I have a nonlinear system:

\begin{cases} x'=f(x)+u \\ y=f(x) \end{cases}

where $f(x)$ - gradient of some one-extremal function (for example $f=e^{-(x)^2}$), i.e. $\frac{df}{dx}$.

Task: I want construct a continuous control $u$ that ensures the following condition:

$y(t)=y(0) e^{-\beta t}, \beta>0$

Which method to use for the solution: MRAC, asymptotic output tracking, feedback linearization, or something else?

I am not an expert, please do not pass by and give advice.

  • 1
    $\begingroup$ $\dot{y}=\frac{d f(x)}{dx} \dot{x}=\frac{d f(x)}{dx} (f(x)+u)$ so provided that $\frac{d f(x)}{dx} \neq 0$ take $u=-f(x)-\frac{\beta y}{\frac{d f(x)}{dx}}$ $\endgroup$
    – abc1455
    Commented Feb 7, 2021 at 9:18
  • $\begingroup$ @abc1455 thank you for your feedback, could you please fulfill my request: explain how to get rid of the constraint you indicated if this is the purpose of management? and if you are ready, please fill out your comment in the form of an answer $\endgroup$
    – ayr
    Commented Feb 7, 2021 at 18:43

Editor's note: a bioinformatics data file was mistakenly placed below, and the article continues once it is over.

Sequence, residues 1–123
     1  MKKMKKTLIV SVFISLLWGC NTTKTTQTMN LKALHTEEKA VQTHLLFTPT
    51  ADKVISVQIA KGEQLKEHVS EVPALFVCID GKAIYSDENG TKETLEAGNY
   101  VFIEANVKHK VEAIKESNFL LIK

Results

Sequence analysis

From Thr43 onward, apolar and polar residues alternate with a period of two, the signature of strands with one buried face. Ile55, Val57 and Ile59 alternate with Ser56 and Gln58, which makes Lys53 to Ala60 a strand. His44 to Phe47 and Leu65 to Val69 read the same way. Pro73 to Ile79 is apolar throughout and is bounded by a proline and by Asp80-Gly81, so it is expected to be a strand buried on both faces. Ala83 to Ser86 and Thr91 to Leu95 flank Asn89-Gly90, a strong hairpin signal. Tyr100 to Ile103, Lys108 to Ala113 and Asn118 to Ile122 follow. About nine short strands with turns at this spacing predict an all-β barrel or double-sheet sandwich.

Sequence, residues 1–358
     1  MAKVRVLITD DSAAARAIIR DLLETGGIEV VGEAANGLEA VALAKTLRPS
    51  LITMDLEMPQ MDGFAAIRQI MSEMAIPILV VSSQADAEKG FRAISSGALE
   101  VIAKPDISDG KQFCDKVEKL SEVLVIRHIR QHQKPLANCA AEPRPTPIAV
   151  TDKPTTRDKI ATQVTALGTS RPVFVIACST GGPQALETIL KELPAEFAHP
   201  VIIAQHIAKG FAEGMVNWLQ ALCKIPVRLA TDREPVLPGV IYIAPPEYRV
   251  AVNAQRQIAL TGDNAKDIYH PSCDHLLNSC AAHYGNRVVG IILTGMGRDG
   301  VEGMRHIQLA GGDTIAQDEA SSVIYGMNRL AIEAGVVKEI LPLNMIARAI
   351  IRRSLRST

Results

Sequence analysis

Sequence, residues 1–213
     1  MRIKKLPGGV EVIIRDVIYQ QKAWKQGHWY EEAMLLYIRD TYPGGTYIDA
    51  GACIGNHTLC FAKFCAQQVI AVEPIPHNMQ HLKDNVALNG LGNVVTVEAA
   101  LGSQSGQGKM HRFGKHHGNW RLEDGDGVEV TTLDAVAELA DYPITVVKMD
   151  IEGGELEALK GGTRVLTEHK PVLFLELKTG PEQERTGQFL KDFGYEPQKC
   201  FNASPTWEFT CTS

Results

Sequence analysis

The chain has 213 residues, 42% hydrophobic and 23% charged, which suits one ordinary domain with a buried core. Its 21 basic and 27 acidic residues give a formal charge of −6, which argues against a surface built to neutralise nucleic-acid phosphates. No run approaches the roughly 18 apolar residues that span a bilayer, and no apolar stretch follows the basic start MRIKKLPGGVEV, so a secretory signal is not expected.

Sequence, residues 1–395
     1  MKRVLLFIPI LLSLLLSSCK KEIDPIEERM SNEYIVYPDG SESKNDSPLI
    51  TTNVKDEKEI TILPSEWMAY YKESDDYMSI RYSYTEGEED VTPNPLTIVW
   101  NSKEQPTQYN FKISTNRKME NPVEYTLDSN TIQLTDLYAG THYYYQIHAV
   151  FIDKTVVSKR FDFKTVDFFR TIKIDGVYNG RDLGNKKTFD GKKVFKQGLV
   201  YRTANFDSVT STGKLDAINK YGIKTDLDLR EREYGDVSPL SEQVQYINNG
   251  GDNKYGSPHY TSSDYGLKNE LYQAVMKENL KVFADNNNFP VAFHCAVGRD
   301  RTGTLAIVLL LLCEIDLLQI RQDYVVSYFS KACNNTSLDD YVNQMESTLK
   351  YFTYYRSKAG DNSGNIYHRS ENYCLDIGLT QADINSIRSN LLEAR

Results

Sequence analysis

• $\begingroup$ @abc1455 And one more thing. I see that you need a Hessian to solve the problem? (The second derivative of the function with respect to the argument). $\endgroup$
    – ayr
    Commented Feb 8, 2021 at 4:33

1 Answer 1


Taking the time derivative of $y$ yields: $$ \dot{y}=\frac{\partial f}{\partial x}(f(x)+u) $$ We need $y(t)=y(0) e^{-\beta t}$ but this is possible if and only if $\dot{y}=-\beta y $ , if the hessian is invertible then this is possible if and only if $u=-f(x)-\left(\frac{\partial f}{\partial x}\right)^{-1}\beta y$. To get an intuition on why the hessian must be invertible assume that $y,x$ are scalars then if hessian is not invertible this means that $$\frac{\partial f}{\partial x}=0 \implies \dot{y}=0$$ This means that your system is not output controllable even though it is state controllable.

  • $\begingroup$ And in any small neighborhood of this point, where the Hessian $\frac{df}{dx}≠0$ , such control is applicable, I understand correctly? $\endgroup$
    – ayr
    Commented Feb 8, 2021 at 10:14
  • $\begingroup$ This is applicable anywhere the hessian is invertible. However, you have to take care because it might be that the hessian is not invertible at your extremum e.g.$x^4$, even though it is invertible in the neighborhood of $x=0$ $\endgroup$
    – abc1455
    Commented Feb 8, 2021 at 10:18

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